Buy this book and listen to it - you won't be disappointed.
I've always been a fan of Shirley Jones, and I spent a large part of my childhood and teenager years enjoying her in Carousel, Oklahoma, etc.
It was a bit of a surprise to find out a lot of her intimate details, such as her active sex life over the years with her two husbands. She also did a lot of good dishing on other actors she worked with, and at times I was at rapt attention, wondering who she'd talk about next.
I understand that Joan Collins threw a fit when she found out about Shirley's description of a foursome years ago, and demanded that her name be taken out of the book (she succeeded, subsequent printings will have her name removed).
If you are a fan of musicals, you'll really enjoy this - trust me.
Loved the book - you'll think you're listening to a Stephen King novel. This kid can write. Buy it, you won't be disappointed!
I first read The Good Earth when I was in elementary school and I still have that book in my bookcase. I've read it numerous times and since I wanted to listen to a book that I was familiar with, I picked this one.
Anthony Heald did an outstanding job on this book. He actually sounded Asian while he was narrating, and he felt the parts instead of just reading them. I never knew this was a trilogy until now and I downloaded the next book Sons, but it just isn't the same. It's narrated by someone else and it sounds flat and dull.
As someone who loved this book most of my life, I highly recommend this audible version of The Good Earth. You won't be sorry!
This book was different than I had expected and I found myself skipping over large parts. I don't dislike slow books as long as they are interesting, however I found it really hard to get into it during the first half.
After the shipwreck, I found it much more interesting. I would recommend it, but probably only to people who had seen the movie.
I have always been interested in the Kennedys and found this book to be fascinating, however the author goes into so much detail that at times I found myself skipping a few parts. I'm also interested in history, so believe me, it had to be a LOT of detail to turn me off a bit.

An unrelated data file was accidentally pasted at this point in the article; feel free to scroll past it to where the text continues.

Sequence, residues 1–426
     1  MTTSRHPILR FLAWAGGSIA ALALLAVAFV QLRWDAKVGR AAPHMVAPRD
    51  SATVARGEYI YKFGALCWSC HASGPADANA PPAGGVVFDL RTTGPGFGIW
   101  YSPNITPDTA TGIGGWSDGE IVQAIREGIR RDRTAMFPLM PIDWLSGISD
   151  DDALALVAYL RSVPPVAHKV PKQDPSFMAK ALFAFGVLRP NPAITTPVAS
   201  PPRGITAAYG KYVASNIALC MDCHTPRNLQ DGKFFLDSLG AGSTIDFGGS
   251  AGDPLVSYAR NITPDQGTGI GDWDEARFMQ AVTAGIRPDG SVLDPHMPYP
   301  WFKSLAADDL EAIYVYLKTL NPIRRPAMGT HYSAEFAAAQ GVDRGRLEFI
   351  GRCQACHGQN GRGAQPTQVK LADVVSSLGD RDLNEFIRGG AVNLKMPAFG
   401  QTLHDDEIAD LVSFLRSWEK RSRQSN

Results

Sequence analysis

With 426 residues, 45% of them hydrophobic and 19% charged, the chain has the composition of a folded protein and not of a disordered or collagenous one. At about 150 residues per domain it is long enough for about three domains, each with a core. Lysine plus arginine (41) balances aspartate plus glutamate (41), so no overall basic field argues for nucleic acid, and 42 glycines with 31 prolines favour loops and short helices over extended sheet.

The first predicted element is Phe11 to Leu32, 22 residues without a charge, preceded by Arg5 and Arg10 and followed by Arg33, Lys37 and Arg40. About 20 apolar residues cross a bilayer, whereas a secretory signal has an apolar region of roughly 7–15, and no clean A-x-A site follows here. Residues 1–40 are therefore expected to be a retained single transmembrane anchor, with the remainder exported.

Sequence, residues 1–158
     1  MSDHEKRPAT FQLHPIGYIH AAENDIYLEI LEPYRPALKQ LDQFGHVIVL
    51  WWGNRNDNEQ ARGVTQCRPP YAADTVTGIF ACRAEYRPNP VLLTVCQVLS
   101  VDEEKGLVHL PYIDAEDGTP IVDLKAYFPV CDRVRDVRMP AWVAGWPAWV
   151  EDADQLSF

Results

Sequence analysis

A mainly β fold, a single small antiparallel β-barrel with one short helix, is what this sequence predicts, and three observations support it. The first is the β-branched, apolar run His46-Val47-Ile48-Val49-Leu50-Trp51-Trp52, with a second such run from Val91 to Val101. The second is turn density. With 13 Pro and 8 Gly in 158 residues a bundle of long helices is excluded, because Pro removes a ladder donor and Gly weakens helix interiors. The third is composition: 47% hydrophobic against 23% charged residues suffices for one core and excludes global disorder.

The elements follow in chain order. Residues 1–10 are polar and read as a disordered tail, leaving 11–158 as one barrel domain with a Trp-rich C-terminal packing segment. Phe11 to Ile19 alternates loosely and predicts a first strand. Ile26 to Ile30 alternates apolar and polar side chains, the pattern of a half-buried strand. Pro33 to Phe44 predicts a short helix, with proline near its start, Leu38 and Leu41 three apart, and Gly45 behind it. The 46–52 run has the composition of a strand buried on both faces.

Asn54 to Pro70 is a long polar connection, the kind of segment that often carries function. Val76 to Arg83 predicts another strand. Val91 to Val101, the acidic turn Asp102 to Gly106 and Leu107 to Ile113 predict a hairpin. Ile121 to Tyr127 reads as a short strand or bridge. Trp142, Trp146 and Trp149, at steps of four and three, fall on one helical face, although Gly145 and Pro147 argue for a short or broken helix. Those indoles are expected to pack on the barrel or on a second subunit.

Otherwise extremely well done, I'd recommend it to my friends.
I really recommend this excellent book. Not only did I learn many details about the leprosarium on Kalaupapa, I felt at the end of the book as if I had actually been there. The author was so skilled that I also felt I knew the main character personally.
The book starts in the late 1800's with the main character, Rachel Kalama, at 5 years old. While I was reading, I was horrified to find out that little children who were diagnosed with leprosy at the time were forcefully parted from their families - from everything they had known - and sent to Kalaupapa. The book follows Rachel's journey to the island thru her girlhood, teen years, adult, and old age.
While listening I found it hard to believe over and over again that this book was written by a man. He captured every kind of nuance and thought that was female.
Because of this book I would someday like to visit the island and the area that housed the people with leprosy. It is now a the national park. Very much recommended, you won't regret purchasing it.
I really enjoyed this book and also learned a lot about the history of Australia, plus Ikey Solomon, who was a real person. The novel goes into great detail (sometimes too much detail - I found myself saying, "Come on, just get on with it!" in several places) - but as a whole, I thought it was very good.
There are comments that the novel is anti-Semitic and I went into listening to it with an open mind, but unfortunately I think the comments are true. I found out five years ago that I'm Jewish, so I'm more sensitive to things like that and I was resenting a few of the things he said. I don't know if it was because there was a lot of prejudice in the early days of London and Australia against the Jews - after all, he was very historically accurate - however some of the comments - at least to me - were not necessary. There are racially-biased comments against the Aborigines, but I know that there has been a lot of prejudice against them in the past.
The novel covers a lot of time and I enjoyed it. I would have given it five stars if it wasn't for the too-extensive detail at times, plus the prejudiced remarks.